Create a Database
This is step 2 of a free "NerdDinner" application tutorial that walks-through how to build a small, but complete, web application using ASP.NET MVC 1.
Step 2 shows the steps to create the database holding all of the dinner and RSVP data for our NerdDinner application.
NerdDinner Step 2: Creating the Database
We'll be using a database to store all of the Dinner and RSVP data for our NerdDinner application.
The steps below show creating the database using the free SQL Server Express edition (which you can easily install using V2 of the Microsoft Web Platform Installer). All of the code we'll write works with both SQL Server Express and the full SQL Server.
Creating a new SQL Server Express database
We'll begin by right-clicking on our web project, and then select the Add->New Item menu command:
This will bring up Visual Studio's "Add New Item" dialog. We'll filter by the "Data" category and select the "SQL Server Database" item template:
We'll name the SQL Server Express database we want to create "NerdDinner.mdf" and hit ok. Visual Studio will then ask us if we want to add this file to our \App_Data directory (which is a directory already setup with both read and write security ACLs):
We'll click "Yes" and our new database will be created and added to our Solution Explorer:
Creating Tables within our Database
We now have a new empty database. Let's add some tables to it.
To do this we'll navigate to the "Server Explorer" tab window within Visual Studio, which enables us to manage databases and servers. SQL Server Express databases stored in the \App_Data folder of our application will automatically show up within the Server Explorer. We can optionally use the "Connect to Database" icon on the top of the "Server Explorer" window to add additional SQL Server databases (both local and remote) to the list as well:
We will add two tables to our NerdDinner database – one to store our Dinners, and the other to track RSVP acceptances to them. We can create new tables by right-clicking on the "Tables" folder within our database and choosing the "Add New Table" menu command:
This will open up a table designer that allows us to configure the schema of our table. For our "Dinners" table we will add 10 columns of data:
We want the "DinnerID" column to be a unique primary key for the table. We can configure this by right-clicking on the "DinnerID" column and choosing the "Set Primary Key" menu item:
In addition to making DinnerID a primary key, we also want configure it as an "identity" column whose value is automatically incremented as new rows of data are added to the table (meaning the first inserted Dinner row will have a DinnerID of 1, the second inserted row will have a DinnerID of 2, etc).
We can do this by selecting the "DinnerID" column and then use the "Column Properties" editor to set the "(Is Identity)" property on the column to "Yes". We will use the standard identity defaults (start at 1 and increment 1 on each new Dinner row):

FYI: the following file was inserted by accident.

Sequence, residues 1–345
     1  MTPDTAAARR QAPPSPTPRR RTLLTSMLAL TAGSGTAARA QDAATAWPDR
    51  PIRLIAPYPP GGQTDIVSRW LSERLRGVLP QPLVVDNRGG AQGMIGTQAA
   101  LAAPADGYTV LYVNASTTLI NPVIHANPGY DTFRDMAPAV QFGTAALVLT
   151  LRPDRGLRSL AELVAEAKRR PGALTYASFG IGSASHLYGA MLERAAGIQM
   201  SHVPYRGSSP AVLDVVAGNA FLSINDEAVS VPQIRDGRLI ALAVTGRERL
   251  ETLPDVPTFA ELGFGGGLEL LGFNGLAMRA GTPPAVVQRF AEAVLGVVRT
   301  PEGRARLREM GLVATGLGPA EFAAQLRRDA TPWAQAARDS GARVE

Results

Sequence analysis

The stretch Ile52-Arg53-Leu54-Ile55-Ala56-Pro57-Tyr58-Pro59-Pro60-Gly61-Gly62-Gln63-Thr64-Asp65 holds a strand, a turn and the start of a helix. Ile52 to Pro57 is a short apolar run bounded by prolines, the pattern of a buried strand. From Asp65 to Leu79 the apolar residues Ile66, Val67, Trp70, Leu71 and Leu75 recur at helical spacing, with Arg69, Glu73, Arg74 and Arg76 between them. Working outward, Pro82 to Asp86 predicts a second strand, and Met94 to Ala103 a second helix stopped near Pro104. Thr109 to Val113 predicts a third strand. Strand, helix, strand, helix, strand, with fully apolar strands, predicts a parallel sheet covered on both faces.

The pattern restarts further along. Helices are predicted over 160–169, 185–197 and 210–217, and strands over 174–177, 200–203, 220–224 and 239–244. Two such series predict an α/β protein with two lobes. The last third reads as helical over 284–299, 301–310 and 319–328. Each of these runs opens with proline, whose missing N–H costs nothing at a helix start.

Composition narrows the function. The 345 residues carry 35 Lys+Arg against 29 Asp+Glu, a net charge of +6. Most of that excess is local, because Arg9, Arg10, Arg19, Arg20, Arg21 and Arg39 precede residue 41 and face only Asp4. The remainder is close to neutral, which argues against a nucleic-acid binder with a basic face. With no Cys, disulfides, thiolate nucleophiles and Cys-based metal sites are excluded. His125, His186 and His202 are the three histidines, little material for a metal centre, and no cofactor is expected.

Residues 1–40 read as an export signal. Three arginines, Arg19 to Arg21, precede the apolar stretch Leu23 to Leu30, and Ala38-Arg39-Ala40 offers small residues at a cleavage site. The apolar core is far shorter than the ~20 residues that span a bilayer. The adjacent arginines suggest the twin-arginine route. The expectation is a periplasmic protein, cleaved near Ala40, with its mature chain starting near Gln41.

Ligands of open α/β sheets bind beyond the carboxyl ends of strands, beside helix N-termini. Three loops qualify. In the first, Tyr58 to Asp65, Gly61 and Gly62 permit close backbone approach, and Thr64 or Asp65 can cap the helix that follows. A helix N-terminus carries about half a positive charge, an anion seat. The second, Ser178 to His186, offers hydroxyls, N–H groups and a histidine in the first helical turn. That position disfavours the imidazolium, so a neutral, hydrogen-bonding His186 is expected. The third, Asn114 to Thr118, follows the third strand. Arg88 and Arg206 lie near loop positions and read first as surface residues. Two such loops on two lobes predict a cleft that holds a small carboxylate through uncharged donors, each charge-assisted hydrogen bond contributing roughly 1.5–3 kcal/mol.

We'll then save our table by typing Ctrl-S or by using the File->Save menu command. This will prompt us to name the table. We'll name it "Dinners":
Our new Dinners table will then show up within our database in the server explorer.
We'll then repeat the above steps and create a "RSVP" table. This table with have 3 columns. We will setup the RsvpID column as the primary key, and also make it an identity column:
We'll save it and give it the name "RSVP".
Setting up a Foreign Key Relationship between Tables
We now have two tables within our database. Our last schema design step will be to setup a "one-to-many" relationship between these two tables – so that we can associate each Dinner row with zero or more RSVP rows that apply to it. We will do this by configuring the RSVP table's "DinnerID" column to have a foreign-key relationship to the "DinnerID" column in the "Dinners" table.
To do this we'll open up the RSVP table within the table designer by double-clicking it in the server explorer. We'll then select the "DinnerID" column within it, right-click, and choose the "Relationships…" context menu command:
This will bring up a dialog that we can use to setup relationships between tables:
We'll click the "Add" button to add a new relationship to the dialog. Once a relationship has been added, we'll expand the "Tables and Column Specification" tree-view node within the property grid to the right of the dialog, and then click the "…" button to the right of it:
Clicking the "…" button will bring up another dialog that allows us to specify which tables and columns are involved in the relationship, as well as allow us to name the relationship.
We will change the Primary Key Table to be "Dinners", and select the "DinnerID" column within the Dinners table as the primary key. Our RSVP table will be the foreign-key table, and the RSVP.DinnerID column will be associated as the foreign-key:
Now each row in the RSVP table will be associated with a row in the Dinner table. SQL Server will maintain referential integrity for us – and prevent us from adding a new RSVP row if it does not point to a valid Dinner row. It will also prevent us from deleting a Dinner row if there are still RSVP rows referring to it.
Adding Data to our Tables
Let's finish by adding some sample data to our Dinners table. We can add data to a table by right-clicking on it within the Server Explorer and choosing the "Show Table Data" command:
We'll add a few rows of Dinner data that we can use later as we start implementing the application:
We've finished creating our database. Let's now create model classes that we can use to query and update it.